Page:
The Supplement that Can Give Your Body the Muscle-Building Boost it Needs

by Allen Gil September 19, 2015

The Supplement that Can Give Your Body the Muscle-Building Boost it Needs

Do you want the “D”? If you’re interested in building muscle, burning fat, and possibly even improving your mood, the answer to that question should be a resounding “Yes.” More and more evidence is coming to light linking the oft-overlooked vitamin D to these health and lifestyle improvements, and it has the science to back it up.

The Benefits of D

The list of benefits from taking vitamin D reads like something off of a late-night infomercial, and in addition to those listed above, include decreased abdominal fat while maintaining muscle mass, a decreased reaction to colds and flus, lower blood pressure, restored insulin sensitivity, an overall enhancement in strength, speed, and endurance, and even increased longevity.

The Sources of Vitamin D

Odds are that the only reason you know what vitamin D is is because the FDA has mandated that foods be fortified with it to combat rickets in children. Well, they’ve done a good job, so good that the average person probably doesn’t give vitamin D a single thought throughout the day. The biggest difficulty in getting vitamin D is just that: getting it. Aside from the foods fortified with it (think of any of your favorite General Mills cereals—cheat day fare, maybe, but not a staple in the diets of big, strong men), the only other sources are halibut liver oil, cod liver oil, wild salmon, tuna, and mackerel. Good news if you like fish and fish-related products, but not the most convenient means of getting your recommended dosage of between 1,000 and 4,000 IU/day (as suggested by Drs. Clay Hyght and Conrad Veith). What, then, is a D-seeker to do? Short of irradiating yourself in a tanning bed (which I really can't recommend, given what we know about their prolonged usage), two options come to mind:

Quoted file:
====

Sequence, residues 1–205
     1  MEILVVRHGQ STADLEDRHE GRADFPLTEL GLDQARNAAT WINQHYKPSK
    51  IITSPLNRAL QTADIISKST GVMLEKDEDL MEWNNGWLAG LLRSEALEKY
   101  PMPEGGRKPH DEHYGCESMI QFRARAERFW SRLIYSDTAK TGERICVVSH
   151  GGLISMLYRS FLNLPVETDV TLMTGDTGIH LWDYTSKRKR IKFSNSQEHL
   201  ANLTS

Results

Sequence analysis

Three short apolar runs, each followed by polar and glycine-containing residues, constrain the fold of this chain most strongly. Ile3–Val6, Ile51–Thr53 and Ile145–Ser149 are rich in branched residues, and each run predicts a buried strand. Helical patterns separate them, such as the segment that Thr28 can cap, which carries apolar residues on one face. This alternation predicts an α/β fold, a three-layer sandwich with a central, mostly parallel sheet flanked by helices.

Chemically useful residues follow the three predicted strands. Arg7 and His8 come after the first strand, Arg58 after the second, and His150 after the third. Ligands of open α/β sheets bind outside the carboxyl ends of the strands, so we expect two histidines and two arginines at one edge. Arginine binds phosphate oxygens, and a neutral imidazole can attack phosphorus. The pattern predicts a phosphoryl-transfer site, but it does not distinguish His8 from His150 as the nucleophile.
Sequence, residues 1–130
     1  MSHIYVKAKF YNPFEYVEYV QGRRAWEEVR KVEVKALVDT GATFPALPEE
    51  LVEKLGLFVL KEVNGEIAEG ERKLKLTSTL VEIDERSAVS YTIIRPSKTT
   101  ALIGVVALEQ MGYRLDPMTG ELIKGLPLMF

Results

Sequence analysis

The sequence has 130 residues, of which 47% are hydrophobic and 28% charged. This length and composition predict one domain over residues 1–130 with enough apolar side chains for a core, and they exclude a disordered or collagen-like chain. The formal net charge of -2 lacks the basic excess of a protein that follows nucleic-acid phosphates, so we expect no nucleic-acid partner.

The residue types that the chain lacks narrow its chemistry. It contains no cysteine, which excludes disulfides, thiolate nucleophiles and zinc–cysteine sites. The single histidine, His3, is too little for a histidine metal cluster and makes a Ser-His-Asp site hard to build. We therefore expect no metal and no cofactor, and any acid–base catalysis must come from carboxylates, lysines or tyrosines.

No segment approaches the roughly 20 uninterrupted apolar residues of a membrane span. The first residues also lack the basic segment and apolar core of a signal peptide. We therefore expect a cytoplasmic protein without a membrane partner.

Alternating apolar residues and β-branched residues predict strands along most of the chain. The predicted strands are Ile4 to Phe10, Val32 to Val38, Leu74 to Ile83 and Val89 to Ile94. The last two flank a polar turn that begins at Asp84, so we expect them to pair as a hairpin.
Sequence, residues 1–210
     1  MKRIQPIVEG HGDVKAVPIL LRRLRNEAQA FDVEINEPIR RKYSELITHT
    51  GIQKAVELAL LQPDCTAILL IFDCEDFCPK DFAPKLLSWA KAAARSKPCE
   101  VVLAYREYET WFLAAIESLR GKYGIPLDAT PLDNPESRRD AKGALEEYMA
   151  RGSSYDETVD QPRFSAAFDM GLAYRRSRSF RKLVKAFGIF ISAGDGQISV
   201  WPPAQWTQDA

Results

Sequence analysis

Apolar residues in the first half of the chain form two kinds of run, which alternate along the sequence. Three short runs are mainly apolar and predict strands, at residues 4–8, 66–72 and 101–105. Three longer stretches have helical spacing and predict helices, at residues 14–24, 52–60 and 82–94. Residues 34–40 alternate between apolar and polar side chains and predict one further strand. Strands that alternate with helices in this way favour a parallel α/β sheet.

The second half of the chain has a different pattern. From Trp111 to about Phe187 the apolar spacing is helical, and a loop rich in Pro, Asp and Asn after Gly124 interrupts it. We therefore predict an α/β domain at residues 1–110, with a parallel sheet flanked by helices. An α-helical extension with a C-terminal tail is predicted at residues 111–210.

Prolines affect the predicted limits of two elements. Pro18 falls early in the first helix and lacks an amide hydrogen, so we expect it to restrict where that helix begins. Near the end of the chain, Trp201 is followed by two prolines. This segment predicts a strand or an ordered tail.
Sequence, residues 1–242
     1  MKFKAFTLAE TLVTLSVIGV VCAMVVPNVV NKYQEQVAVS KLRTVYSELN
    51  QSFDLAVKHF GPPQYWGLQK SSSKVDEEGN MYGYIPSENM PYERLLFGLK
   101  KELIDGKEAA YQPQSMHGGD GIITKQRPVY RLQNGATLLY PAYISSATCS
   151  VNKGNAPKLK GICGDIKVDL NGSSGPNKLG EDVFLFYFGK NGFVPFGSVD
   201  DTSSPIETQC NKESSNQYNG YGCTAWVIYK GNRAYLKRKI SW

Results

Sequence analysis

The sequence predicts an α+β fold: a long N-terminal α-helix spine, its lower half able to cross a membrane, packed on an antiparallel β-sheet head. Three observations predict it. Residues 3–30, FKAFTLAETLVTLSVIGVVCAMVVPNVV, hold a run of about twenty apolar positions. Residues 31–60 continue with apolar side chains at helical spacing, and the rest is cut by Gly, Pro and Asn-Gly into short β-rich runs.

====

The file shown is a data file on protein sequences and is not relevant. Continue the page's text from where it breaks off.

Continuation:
1. Sunshine

You’ve probably heard this one from your mom enough, but it can’t hurt to repeat it: health experts suggest spending between 5 and 30 minutes outside in the sun between the hours of 10 a.m. and 3 p.m. at least twice a week—sans sunscreen—to help meet your adequate intake of 400 IU/day for vitamin D. Remember, vitamin D is unique insofar as it can be synthesized naturally in the body when sunlight is present. 

2. Supplementation

The easiest way to get more D is to simply pick up a vitamin D3 supplement from your local drug store. Super potency D supplements can run as high as 2,000 IU per tiny-ass pill, so make sure you only take one a day, preferably with a meal that contains some fats to help absorption. Being a fat-soluble vitamin, D isn’t quickly excreted like B or C, and you can reach toxic levels by receiving too much, but this doesn’t occur until you approach about 20,000 IU. Still, you’ve been warned.

Should You Take Vitamin D?

Absolutely. If you’re on the lookout for a new supplement that has proven itself effective in increasing strength, health, and wellbeing, vitamin D is well worth your attention. Strive to get as much as you feel you should (as long as it’s between 1,000 and 5,000 IU and below 20,000, please) from both sunshine and supplementation to ensure that you have all bases covered.

Allen Gil
Allen Gil


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